"My father was not much older than Carl Hubbell at that point, if at all.
"Oh, the wartime years were wonderful! We had a sixteen-year-old shortstop, Tommy Brown. Eddie Miksis played second base. We had a 44-year-old playing, and I can't remember who else, but I remember Red Barber trying to whip up interest, saying how Miksis had a unique way of tagging second base and making a double play. `Come out and see it. It's really interesting.' A bunch of Triple A ballplayers, very old and the very young coming in. But we did good, and it was terribly exciting. And here we were in Connecticut, seventy miles away, a big trip, during a time when it was hard to get gasoline. You had to save up your coupons if you wanted to get to New York, and every now and then my father would be able to get tickets, and we'd down down in the morning and see a doubleheader at the Polo Grounds between the Dodgers and the Giants, and come back at night.
"I remember seeing Mel Ott win a game, picking his foot up and slamming the ball into the close foul line at the Polo Grounds to beat the Dodgers. For us, in Connecticut, there was nothing magic about the notion of Brooklyn. We had no emotion about the borough of Brooklyn.
"But what I remember about Ebbets Field was a tremendous warmth and friendliness and the eccentricities. We didn't have a San Diego Chicken on the field, but we had a million feathers flying in the stands: the people in their getups, with their cowbells and whatever else they had.
"From the age of 12 or so, I came up to New Hampshire in July and August. My grandfather was a great Red Sox fan. My grandfather in the 1890s went down to Boston, and he saw a game between the Boston Red Stockings and somebody. And he went down again in 1949. My father took him down, and he saw Ted Williams play. For fifty years he was a total Red Sox fan, totally in love with the team. People will find it hard to imagine now that you could love a team and follow it closely without having seen it play. Which he did. That's what most people did. They knew their baseball from playing it and watching the town teams play, and then they read about their favorite pro team in the newspapers. And this was true all over the country. We were a rural country for a long time.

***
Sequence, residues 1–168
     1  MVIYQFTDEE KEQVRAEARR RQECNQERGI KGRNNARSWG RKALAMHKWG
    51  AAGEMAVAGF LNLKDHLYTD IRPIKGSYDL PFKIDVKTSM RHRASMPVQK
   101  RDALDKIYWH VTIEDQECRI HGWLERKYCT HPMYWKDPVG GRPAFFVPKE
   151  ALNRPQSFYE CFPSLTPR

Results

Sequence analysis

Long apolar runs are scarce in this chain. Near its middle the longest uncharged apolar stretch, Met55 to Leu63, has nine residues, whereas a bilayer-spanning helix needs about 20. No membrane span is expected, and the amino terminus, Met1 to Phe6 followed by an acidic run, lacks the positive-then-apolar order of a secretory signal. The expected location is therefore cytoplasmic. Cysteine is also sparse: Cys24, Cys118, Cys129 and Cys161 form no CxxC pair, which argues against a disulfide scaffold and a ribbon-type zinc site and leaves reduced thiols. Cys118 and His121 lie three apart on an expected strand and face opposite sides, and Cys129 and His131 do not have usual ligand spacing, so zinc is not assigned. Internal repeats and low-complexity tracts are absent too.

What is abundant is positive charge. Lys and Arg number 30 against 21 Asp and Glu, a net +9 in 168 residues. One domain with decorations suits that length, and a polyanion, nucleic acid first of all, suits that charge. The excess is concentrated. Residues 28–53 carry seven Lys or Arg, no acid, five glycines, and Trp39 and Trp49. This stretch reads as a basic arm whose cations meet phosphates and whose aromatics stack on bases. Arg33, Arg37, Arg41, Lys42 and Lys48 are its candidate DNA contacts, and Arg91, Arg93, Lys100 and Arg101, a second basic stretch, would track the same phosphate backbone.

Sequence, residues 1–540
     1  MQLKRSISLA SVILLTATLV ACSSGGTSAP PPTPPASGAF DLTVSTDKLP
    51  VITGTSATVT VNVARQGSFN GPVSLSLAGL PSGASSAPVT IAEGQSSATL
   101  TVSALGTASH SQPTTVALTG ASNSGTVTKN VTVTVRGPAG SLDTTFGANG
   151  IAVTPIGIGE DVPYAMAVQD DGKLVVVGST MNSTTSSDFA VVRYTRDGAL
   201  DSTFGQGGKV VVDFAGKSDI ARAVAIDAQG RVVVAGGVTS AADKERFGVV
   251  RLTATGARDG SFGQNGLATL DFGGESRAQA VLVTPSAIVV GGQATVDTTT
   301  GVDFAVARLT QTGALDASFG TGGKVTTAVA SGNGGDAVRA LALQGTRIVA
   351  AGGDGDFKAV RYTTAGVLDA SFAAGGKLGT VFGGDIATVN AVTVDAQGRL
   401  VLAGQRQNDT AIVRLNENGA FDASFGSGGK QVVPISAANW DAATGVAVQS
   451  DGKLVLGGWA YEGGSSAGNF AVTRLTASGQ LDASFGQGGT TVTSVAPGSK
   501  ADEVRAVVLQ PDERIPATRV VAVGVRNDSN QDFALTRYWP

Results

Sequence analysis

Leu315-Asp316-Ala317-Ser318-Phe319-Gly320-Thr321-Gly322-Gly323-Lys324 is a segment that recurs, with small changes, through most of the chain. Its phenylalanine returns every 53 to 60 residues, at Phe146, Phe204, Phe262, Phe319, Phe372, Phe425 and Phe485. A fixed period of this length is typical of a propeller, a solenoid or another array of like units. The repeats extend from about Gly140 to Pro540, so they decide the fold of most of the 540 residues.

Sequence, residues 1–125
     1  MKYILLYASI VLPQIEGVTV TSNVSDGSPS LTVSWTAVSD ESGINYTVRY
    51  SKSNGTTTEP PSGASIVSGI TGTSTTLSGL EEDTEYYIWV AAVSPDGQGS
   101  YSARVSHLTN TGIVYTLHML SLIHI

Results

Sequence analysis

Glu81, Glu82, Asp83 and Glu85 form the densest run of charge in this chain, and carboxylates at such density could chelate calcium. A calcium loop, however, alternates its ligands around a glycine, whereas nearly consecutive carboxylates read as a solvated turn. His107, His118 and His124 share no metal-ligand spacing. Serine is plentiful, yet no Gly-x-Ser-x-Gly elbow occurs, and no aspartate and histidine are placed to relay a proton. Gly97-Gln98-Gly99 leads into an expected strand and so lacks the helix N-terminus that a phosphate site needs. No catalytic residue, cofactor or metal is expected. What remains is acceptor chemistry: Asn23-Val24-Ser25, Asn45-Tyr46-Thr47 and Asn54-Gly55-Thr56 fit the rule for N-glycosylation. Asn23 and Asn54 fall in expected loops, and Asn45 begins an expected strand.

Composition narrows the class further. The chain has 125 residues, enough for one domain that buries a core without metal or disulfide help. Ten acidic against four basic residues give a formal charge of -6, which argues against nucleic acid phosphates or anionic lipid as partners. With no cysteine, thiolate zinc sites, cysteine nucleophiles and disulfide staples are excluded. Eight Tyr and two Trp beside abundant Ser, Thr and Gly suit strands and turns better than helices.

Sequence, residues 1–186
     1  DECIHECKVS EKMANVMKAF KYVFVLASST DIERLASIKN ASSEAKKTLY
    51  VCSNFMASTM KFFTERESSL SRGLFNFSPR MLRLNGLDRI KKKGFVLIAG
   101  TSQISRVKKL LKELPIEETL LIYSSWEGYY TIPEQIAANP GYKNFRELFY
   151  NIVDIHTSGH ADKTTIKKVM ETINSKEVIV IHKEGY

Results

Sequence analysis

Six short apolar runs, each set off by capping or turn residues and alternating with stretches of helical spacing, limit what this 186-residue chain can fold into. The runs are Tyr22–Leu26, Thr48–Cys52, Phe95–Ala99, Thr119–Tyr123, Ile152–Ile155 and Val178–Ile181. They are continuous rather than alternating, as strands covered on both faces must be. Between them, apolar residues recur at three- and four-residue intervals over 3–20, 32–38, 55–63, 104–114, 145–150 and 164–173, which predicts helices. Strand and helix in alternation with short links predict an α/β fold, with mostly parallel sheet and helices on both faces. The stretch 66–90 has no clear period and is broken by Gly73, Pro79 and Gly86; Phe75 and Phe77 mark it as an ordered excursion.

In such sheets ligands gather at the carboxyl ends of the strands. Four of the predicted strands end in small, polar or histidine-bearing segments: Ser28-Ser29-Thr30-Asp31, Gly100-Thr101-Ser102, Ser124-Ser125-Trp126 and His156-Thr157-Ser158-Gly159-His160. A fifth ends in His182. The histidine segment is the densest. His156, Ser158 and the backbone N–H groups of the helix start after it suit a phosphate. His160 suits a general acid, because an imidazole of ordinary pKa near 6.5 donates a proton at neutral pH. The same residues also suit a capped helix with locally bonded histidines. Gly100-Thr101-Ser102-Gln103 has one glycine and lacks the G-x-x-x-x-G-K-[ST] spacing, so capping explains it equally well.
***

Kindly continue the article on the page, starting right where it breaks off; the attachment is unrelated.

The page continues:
"My grandfather agreed to be for the Brooklyn Dodgers in the National League, and I would be for the Red Sox in the American League. I used to read the Boston Post every morning to find out about the Dodgers. I'd work on poems every morning. I took care of the chickens, but mostly I worked trying to be a writer, and then in the afternoon we'd go haying. And in between loads we'd come in and have some well water, spent about five minutes cooling off, turn on the radio, and we would hear three or four pitches of the Red Sox game, possibly get a score, and go back and hay again.
"Of course, you worked Saturday all day as much as you did every day, so my grandfather never got to listen to a game, because on Sundays you did not turn on the radio to listen to baseball. No way! That was breaking the Sabbath. Once or twice, when things got serious in late August, my grandmother, who was running the Sabbatherian roost, would allow us to turn it on long enough to get the score.
"My father and I would go up to the car, and we'd take rides and listen to the radio in the afternoon. My father and I put two gloves and the ball in the truck, go out, and park the car in the road and play catch on Sunday afternoons. I speak of fathers and sons, as Roger Kahn does and many others as well: we had a tremendous thing between us. And we had lots of bad things between us. We didn't agree about everything, but this was always something solid between us. I never did go through a latency period when I decided baseball was beneath me. Some people do that and come back. I wasn't one of those.
"And when he was dying -- he died of lung cancer at 52 in December of 1955 -- he got to see the Dodgers win. I knew he was dying, of course, and he knew he was dying.
"And when they won the Seventh Game -- Johnny Podres pitched incredibly -- I was way up in New York State, going to join my relatives of my first wife's, who were up on the St. Lawrence River. I stopped at a bar somewhere where there was a television set about four inches square, and lots of snow, and I waited until they won the game until I went on to join them. I called up my father. He had been following them all those years. When he was dying, I had wanted to arrange the world so everything would turn out the way he wanted it. I couldn't really arrange that World Series. I would have if I could. I wanted the Dodgers to win because I wanted him to have some pleasure. And he did take pleasure in that. And then for them to win didn't quite compensate for such things as dying, I won't say that, but it was something between us.
"I had borrowed a neighbor's set, which was as big as a chest of drawers, with a tiny little picture in the middle, and moved it into the room where he was. And he could see the games and see them win. It was something we had together for sixteen wonderful years.”